As someone who has lived near the city of Cleveland most of her life, I found myself in agreement with a recent article by Kevin D. Williamson at National Review Online entitled, Who Lost the Cities? As Jesse Jackson talks about "a national crisis of urban abandonment and repression," Williamson asks the question, who is responsible for this crisis in cities such as Newark, Chicago, Detroit and Cleveland? Williamson's conclusion? "The more progressive the city, the worse a place it is to be poor and/or black." While this might be provable by a simple look at political offices and economic statistics, I'm sure that diehard progressives will deny to their last breath that there is any causality between a city's politics and the living conditions of its poor. But isn't that just a ringing endorsement for Williamson's counter-argument, that individuals, families and private businesses should be free to act outside of regulated government influences? If, for example, the public school district in your system is failing not only to teach children, but to provide even a safe environment for them to learn, and this has been going on for decades, why think electing a new superintendent will magically solve the problem? Especially when that superintendent will be paid a couple of hundred thousand dollars or so a year in salary, and can easily move on elsewhere in a few years, while residents are stuck with the same schools? If you are a parent, who do you think you can best trust to make sure your child receives at least an adequate education, you, or some bureaucrats who are consistently not held accountable? Politicians have offered many fixes for urban woes, and I'm going to write about some of Cleveland's proposed solutions. I will simply state here that while downtown Cleveland and its neighbor, University Circle, may have some very lovely areas, the overall environment of the city of Cleveland has not changed... yet. You may want to give the government a chance. You may want to search for direct solutions for your family and yourself to improve your personal situation as much as possible on your own. It's not like politicians' promises have never failed before.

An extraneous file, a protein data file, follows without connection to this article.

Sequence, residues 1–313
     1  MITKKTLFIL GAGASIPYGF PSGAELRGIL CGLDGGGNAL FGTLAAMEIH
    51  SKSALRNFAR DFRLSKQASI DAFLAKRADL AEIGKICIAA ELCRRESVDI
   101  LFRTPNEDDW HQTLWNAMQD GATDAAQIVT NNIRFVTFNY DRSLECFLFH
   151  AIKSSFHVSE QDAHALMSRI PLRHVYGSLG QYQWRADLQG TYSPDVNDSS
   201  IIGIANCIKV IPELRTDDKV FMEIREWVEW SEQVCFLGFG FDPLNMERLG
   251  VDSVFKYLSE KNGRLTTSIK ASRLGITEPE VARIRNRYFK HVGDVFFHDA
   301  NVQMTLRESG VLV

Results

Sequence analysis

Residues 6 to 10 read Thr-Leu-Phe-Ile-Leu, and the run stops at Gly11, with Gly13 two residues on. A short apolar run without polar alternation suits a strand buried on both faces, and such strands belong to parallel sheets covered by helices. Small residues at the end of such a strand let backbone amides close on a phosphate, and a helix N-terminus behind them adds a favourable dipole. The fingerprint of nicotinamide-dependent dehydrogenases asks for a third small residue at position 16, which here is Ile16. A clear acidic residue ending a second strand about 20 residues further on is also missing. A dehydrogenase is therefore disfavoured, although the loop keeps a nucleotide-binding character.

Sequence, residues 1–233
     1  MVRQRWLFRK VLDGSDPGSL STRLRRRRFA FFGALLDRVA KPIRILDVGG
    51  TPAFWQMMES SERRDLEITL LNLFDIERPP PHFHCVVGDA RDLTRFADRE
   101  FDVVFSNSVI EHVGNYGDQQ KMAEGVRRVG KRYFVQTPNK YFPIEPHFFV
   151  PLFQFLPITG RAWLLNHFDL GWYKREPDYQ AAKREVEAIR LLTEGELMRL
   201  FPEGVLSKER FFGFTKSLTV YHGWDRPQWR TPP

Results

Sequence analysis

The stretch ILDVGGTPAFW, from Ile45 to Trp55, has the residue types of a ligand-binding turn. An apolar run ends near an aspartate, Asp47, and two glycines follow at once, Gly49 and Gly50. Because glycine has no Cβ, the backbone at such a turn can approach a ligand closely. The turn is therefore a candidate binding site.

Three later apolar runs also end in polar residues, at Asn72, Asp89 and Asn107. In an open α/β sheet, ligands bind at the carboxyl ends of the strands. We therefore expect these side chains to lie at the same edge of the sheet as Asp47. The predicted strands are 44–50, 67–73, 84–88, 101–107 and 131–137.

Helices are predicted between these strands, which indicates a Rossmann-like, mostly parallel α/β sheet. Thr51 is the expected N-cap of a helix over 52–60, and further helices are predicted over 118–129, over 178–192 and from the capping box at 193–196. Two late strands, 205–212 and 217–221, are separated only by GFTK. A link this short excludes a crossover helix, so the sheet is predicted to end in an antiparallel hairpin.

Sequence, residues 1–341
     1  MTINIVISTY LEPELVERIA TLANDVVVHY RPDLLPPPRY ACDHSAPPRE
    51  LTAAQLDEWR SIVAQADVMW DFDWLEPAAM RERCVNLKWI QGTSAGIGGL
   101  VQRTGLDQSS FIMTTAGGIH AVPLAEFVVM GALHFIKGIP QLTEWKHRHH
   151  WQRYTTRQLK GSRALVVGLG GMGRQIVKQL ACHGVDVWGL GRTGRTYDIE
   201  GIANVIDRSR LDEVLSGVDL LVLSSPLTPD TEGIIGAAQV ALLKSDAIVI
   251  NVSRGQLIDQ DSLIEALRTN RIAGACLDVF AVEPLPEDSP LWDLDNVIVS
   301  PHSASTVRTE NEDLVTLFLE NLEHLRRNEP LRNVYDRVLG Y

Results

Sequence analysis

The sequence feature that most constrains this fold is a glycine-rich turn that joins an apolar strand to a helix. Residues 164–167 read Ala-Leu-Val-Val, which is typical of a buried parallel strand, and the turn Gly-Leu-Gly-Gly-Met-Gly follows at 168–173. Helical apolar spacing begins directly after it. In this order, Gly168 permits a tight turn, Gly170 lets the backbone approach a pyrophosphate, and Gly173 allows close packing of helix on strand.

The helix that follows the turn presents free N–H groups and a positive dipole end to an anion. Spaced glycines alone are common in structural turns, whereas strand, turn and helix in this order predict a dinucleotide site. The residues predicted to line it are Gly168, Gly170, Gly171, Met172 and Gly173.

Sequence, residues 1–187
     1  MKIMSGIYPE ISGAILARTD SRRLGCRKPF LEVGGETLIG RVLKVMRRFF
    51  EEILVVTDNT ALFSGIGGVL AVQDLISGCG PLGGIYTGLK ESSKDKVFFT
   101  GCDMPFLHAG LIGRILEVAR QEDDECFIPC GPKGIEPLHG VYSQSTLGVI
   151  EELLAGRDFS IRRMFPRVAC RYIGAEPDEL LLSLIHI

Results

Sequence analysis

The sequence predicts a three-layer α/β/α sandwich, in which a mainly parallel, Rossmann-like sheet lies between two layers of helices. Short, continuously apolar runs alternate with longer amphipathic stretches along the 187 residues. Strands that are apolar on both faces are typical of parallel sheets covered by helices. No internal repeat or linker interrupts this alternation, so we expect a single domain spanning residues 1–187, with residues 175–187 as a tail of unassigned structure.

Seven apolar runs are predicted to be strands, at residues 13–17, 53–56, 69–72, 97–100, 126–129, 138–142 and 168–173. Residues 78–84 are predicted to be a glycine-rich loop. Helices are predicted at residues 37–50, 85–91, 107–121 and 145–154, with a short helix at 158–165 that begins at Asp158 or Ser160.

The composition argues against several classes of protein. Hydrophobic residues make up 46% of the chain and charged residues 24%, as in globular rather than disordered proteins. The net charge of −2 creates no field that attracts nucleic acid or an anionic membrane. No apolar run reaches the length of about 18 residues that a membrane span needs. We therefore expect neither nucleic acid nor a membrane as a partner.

Update: this post was edited to better clarify my points, and to change when I will next post about this.